Cablevision Systems Corp. filed an antitrust lawsuit Tuesday against Viacom Inc., saying that Viacom forced it to pay for 14 cable networks it did not want. The suit said the extra channels were required as a condition of carrying the media company's more popular channels such as Nickelodeon, MTV and Comedy Central.

The case is the latest flare up in the contentious relationships between distributors and program makers as the pay-TV industry's growth appears to have peaked. Viacom and its media company rivals regularly sell bundles of cable channels to operators as a common practice.

"Viacom effectively forces Cablevision's customers to pay for and receive little-watched channels in order to get the channels they actually want," Bethpage-based Cablevision said in a statement released Tuesday.

The case is under seal and not available for public viewing.

A spokesman for Viacom did not immediately respond to a request for a comment.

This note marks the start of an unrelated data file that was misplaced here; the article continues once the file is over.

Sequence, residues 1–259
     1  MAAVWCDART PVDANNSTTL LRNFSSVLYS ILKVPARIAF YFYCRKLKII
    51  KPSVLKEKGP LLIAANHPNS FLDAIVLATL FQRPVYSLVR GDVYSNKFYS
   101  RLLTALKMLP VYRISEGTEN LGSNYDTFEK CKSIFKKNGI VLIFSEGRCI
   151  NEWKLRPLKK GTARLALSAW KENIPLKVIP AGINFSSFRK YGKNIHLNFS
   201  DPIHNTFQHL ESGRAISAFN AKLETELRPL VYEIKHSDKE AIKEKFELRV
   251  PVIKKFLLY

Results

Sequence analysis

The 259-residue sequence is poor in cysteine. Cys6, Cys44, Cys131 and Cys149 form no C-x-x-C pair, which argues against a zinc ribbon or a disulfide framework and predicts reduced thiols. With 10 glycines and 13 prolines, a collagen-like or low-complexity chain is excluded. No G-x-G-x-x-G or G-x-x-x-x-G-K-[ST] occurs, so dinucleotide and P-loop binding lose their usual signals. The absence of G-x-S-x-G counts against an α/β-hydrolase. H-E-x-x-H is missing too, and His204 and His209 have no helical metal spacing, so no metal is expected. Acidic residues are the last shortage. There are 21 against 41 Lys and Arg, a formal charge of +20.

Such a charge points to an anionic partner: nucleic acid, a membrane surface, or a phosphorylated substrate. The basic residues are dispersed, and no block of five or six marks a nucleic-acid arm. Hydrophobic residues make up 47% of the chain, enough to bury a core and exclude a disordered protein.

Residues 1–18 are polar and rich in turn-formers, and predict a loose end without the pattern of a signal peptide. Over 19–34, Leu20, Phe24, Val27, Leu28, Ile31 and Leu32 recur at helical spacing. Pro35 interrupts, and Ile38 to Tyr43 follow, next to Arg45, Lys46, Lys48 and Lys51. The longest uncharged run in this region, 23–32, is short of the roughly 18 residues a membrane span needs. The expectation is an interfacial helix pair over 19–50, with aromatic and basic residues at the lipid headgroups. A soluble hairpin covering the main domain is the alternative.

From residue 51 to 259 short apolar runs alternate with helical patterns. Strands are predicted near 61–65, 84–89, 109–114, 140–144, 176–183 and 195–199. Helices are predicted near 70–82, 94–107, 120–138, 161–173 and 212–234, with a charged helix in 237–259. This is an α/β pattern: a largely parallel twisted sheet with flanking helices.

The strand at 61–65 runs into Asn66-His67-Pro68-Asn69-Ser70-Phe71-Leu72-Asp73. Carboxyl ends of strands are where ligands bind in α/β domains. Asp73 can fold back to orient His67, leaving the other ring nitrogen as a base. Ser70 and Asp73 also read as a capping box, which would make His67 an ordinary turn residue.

Cablevision is seeking to have its latest carriage agreement with Viacom voided and it also wants Viacom banned from making similar deals involving networks it calls ancillary. Cablevision says these less popular channels include CMT, MTV Hits, Nick Jr., Nicktoons, Palladia and VH1 Classic.

Last summer, Viacom blacked out its networks from the biggest U.S. satellite provider, DirecTV in 20 million homes for nine full days, marking the most high profile programming blackout to date.

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Cablevision competitor Time Warner Cable Inc. has also complained about carrying low-rated networks and has dropped channels such as the arts-focused Ovation.

The case is in federal court in Manhattan.